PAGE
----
The sanctuary of neighborhood bars: Talking with Rosie Schaap

Rosie Schaap photo

photo by M. Sharkey

NEIGHBORISTA! talks with “Drinking with Men” author Rosie Schaap about the enduring qualities of the local watering hole.

“You can drink at home. A bar gives you relief from isolation. When you are a regular, it gives you a community too.” So writes author, bartender, This American Life contributor, and New York Times Magazine columnist Rosie Schaap in her memoir, Drinking with Men (Riverhead Books, 2012). She describes bars as places of comfort, safety, and support. She doesn’t leave out the occasional embarrassment, regret, and hangovers, but it’s the sense of people coming together to commune and to create that prevails throughout her story.

She took time to answer a few questions via email about the book and neighborhood bars in general for NEIGHBORISTA!

You write about what makes a corner bar different from a sports bar or from the multiple subcategories of gay bars. What distinguishes a neighborhood bar from other kinds?

A neighborhood bar always is, and always feels, rooted in its community. There’s a clear sense of place. Although there may be visitors from elsewhere, it mostly serves people who already happen to be neighbors, and helps to bring them together.

I’ve seen friendships develop in the little Brooklyn bar where I work—and then I see those friends, together, around the neighborhood at cafes, and restaurants, and at parties in our homes. But those relationships started at the bar, and grew from there.

Where are some places you’d like to do more field research on neighborhood bars?

In the United States, I’d like to spend some serious time exploring New Orleans’s bar culture, and getting to know Milwaukee’s. Outside of the U.S., Belfast has become one of my favorite bar cities, and I’d like to visit more often.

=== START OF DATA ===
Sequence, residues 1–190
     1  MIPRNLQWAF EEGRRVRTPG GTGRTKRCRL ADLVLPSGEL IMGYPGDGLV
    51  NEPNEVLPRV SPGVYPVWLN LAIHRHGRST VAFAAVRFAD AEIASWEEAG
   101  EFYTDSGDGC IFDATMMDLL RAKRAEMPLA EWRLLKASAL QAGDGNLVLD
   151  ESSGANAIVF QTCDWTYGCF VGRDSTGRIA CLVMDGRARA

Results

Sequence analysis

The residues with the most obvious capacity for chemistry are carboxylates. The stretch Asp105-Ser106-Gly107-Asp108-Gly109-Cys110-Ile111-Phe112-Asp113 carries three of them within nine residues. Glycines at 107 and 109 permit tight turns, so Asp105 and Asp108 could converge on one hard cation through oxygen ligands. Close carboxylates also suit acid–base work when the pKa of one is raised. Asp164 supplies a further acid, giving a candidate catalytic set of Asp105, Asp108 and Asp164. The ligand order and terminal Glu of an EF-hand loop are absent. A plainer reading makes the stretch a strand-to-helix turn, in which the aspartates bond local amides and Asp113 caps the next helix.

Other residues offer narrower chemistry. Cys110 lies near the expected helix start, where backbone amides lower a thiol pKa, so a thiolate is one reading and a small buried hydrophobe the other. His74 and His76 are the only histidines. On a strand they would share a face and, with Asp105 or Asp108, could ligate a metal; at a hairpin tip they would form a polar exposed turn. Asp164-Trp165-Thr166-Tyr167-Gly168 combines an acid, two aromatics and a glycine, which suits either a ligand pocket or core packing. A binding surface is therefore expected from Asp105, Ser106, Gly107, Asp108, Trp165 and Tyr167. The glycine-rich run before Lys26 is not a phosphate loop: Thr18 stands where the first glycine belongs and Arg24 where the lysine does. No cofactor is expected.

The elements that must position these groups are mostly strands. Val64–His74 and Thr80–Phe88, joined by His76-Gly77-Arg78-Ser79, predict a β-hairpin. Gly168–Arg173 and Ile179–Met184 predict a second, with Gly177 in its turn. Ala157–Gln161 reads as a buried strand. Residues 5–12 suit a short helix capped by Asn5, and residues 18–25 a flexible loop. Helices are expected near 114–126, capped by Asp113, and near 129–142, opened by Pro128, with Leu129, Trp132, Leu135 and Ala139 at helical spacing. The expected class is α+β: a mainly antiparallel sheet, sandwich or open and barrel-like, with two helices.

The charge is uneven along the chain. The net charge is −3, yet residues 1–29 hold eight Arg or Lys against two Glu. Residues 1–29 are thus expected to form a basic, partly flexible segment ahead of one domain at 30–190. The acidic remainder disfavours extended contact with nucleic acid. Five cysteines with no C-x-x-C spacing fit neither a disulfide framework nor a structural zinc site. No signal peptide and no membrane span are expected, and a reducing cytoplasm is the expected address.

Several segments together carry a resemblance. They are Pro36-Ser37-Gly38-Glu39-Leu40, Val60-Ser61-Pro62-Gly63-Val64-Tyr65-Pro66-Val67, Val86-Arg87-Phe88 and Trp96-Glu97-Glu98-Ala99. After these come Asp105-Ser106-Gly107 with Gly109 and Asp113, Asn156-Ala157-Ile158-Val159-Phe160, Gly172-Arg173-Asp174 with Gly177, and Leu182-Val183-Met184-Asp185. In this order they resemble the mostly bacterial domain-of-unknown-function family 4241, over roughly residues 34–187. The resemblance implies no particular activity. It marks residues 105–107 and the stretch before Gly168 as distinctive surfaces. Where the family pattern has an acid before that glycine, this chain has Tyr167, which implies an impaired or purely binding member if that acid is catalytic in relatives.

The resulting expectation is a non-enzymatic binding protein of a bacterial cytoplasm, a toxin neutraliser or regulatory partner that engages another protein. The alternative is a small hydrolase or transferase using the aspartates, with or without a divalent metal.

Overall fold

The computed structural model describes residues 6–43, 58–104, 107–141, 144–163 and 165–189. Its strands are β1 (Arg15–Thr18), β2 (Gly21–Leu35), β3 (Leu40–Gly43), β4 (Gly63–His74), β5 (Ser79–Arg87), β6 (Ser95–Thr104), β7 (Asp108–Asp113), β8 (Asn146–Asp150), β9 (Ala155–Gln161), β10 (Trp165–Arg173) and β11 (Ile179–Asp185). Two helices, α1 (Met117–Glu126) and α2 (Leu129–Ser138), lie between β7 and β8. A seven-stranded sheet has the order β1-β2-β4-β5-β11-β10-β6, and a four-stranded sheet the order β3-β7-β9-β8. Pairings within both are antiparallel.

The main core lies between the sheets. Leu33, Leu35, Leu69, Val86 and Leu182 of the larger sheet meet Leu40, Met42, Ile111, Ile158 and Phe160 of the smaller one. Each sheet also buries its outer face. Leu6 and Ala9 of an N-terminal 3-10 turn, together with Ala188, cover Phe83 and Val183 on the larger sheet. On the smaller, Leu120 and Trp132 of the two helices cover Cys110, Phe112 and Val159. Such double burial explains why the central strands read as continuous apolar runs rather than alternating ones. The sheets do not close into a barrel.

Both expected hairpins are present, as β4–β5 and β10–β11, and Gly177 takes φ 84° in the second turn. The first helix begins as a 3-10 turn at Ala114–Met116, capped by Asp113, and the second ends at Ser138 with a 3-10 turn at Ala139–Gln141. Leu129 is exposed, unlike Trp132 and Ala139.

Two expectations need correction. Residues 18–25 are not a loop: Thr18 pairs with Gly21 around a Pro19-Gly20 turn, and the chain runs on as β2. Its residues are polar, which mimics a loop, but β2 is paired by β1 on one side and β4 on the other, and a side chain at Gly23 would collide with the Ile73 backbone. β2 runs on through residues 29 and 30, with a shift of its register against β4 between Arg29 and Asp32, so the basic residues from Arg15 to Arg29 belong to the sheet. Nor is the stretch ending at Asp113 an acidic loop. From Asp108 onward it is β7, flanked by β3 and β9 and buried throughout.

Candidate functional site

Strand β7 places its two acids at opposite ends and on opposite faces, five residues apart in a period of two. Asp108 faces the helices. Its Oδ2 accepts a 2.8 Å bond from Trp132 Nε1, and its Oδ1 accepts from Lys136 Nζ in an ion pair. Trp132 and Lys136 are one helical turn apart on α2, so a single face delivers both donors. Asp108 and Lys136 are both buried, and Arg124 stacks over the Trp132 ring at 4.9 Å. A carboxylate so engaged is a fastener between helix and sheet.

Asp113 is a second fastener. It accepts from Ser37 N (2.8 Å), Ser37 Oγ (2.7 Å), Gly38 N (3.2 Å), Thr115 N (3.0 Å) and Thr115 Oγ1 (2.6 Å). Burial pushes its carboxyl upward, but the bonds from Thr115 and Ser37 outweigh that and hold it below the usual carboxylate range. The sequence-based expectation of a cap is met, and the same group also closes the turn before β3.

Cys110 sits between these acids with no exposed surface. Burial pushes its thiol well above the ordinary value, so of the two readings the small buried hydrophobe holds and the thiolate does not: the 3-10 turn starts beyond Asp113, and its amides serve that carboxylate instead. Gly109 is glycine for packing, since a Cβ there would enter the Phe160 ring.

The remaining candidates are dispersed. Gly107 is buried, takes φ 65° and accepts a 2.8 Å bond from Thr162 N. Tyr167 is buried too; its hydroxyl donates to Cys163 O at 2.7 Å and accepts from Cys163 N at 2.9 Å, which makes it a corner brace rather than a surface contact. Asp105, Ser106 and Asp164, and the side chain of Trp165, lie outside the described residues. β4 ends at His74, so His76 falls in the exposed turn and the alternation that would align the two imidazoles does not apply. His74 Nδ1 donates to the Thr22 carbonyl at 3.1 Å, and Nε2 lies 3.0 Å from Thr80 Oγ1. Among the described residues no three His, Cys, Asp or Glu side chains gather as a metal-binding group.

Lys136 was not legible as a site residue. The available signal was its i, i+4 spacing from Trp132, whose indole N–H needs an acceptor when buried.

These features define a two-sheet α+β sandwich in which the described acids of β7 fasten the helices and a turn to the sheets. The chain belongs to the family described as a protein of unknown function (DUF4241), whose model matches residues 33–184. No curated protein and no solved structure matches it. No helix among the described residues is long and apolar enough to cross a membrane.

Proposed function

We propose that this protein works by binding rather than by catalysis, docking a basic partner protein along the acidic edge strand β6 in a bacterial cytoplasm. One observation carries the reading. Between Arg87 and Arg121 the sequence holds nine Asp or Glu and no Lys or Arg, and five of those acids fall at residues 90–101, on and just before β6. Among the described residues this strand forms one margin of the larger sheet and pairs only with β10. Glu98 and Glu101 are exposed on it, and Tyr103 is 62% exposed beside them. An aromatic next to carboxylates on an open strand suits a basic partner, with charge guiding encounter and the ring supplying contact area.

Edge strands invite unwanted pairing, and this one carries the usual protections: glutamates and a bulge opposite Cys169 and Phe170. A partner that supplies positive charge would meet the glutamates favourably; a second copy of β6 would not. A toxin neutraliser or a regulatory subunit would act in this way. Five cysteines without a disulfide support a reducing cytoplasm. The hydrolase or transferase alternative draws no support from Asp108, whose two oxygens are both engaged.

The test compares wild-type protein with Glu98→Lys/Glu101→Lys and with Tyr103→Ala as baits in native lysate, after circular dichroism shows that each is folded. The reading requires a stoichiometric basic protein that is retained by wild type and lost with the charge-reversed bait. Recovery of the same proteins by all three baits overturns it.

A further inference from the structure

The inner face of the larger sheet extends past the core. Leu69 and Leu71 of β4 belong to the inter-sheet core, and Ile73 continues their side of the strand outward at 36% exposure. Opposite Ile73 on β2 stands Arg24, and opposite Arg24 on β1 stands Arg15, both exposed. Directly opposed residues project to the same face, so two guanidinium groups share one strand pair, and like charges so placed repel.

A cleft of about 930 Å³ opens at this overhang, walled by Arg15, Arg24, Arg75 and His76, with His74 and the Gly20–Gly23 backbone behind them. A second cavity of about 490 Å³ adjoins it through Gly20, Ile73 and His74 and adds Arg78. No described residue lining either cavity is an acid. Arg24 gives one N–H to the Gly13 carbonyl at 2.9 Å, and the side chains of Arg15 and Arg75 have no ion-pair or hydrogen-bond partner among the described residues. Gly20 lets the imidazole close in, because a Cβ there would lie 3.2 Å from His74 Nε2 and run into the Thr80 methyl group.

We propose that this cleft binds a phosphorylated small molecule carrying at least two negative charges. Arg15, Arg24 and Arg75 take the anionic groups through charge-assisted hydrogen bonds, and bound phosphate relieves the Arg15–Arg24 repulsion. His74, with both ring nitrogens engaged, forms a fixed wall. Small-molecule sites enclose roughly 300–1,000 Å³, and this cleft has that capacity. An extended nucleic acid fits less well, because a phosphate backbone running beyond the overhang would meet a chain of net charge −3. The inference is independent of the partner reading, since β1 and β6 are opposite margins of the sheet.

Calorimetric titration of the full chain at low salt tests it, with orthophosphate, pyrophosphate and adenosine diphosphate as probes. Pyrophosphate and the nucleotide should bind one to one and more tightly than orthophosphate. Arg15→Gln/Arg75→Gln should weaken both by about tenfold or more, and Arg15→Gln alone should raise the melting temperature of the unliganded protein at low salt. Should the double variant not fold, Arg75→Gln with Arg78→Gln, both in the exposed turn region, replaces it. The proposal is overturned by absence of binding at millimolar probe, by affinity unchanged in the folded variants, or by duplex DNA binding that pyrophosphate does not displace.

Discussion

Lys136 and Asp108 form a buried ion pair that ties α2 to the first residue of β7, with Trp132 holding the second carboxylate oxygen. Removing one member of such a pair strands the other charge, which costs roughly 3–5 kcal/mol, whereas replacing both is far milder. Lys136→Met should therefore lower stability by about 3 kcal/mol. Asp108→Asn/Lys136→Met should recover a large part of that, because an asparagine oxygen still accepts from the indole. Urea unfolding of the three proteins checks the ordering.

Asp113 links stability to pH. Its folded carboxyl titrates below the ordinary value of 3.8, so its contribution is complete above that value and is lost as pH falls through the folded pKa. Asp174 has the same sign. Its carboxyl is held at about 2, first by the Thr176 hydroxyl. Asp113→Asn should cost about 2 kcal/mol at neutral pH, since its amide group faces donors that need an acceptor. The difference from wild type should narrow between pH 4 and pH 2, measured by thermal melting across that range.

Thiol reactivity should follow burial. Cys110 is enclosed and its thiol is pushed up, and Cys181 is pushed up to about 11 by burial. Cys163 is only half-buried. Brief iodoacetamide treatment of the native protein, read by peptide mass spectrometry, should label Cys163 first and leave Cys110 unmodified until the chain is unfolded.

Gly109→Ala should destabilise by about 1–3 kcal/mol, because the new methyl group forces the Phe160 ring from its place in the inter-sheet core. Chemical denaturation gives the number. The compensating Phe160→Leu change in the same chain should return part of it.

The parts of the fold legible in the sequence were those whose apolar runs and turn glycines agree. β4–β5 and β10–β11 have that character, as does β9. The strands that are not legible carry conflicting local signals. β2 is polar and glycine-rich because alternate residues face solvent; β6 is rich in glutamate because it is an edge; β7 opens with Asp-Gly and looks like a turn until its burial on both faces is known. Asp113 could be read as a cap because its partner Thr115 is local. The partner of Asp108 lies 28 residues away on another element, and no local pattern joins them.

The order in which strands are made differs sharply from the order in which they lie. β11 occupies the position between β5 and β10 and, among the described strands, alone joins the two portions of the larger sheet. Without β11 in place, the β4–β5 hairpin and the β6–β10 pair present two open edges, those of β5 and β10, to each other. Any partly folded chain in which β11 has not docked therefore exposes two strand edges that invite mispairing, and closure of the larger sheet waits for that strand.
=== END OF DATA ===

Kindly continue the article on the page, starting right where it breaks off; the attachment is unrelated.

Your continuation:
Drinking with Men

What’s your sense of what good bars do for a neighborhood?

They help both to cultivate and to galvanize community. I often tell people why I think it’s worthwhile to get familiar with their neighborhood pub, even if they’re not that interested in drinking, or in becoming regulars. Bartenders, and bar owners, and bar regulars, make it their business to know what’s going on in their neighborhood, to keep an eye on people (in a protective way, not a creepy, stalky way!). And since bar hours run much later than most other businesses, bars can be vital safe havens—places to duck into late at night if, say, you have a feeling someone’s followed you up the block from the subway station. A good bar will look after you until any danger, real or imagined, has passed.

I’ve often said that bars are like community centers—for people who happen to drink. But they’re much more than places to drink; they’re places to drink in the company of a great variety of other people. (And when you’re a regular, a local bar is also a very handy place to leave that extra set of house keys).

When you talk about neighborhood bars as safe havens or community centers, what do you think most contributes to that sense of community? The location? The patrons? The bartenders?

All of these things matter. But it’s the mix of people (both patrons and staff) that matters most, and, as with so many situations, the chemistry among them.

One of my favorite scenes in the book is when you organize your friends into a table reading of Shakespeare’s The Tempest at the Good World Bar just before it shuts down. It sounds like the performance touched everyone who took part. Have you seen some other ways that bar communities cultivate creative acts on a similarly intimate level?

Thanks. That was a pretty special, sweet, unforgettable afternoon. And yes, I’ve seen tremendous displays of creativity in many bars. I ran reading series for years at Good World and the Fish Bar, so they’re natural locations for bringing writers and readers together. I’ve seen bands form composed of regulars and bar staff. I’ve seen back-room film festivals, dance performances, and drawing lessons in bars.

But what I’ve found most valuable from drinking among people whose work is so often so different from my own is that I’ve learned so much in bars about art, about literature, about music and dance and all sorts of creative undertakings—and in such a fun, undidactic, natural way. Just people talking about, and sharing, what they know and what they love. And I think a pint and a bit of whiskey helps people feel comfortable and relaxed enough to share their enthusiasms without feeling self-conscious. To me, it’s that exchange of information—what each regular brings with her or him to the bar, the things he or she is most excited and passionate about—that makes bar life so rewarding.

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